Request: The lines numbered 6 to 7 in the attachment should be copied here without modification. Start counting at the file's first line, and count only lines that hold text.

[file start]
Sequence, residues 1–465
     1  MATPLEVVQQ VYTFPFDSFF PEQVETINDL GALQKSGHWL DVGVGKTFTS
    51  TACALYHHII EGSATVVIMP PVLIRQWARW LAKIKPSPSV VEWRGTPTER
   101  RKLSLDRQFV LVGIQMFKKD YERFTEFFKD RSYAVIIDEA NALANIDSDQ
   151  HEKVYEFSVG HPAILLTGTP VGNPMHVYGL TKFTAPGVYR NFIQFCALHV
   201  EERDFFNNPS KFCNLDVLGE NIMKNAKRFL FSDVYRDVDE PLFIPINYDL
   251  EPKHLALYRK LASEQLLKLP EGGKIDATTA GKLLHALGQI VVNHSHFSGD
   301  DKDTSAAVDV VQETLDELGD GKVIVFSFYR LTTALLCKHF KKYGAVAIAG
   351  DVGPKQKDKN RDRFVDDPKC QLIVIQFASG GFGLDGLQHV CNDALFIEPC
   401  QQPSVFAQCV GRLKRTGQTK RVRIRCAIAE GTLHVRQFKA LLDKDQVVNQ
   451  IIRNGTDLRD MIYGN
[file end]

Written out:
   201  EERDFFNNPS KFCNLDVLGE NIMKNAKRFL FSDVYRDVDE PLFIPINYDL
   251  EPKHLALYRK LASEQLLKLP EGGKIDATTA GKLLHALGQI VVNHSHFSGD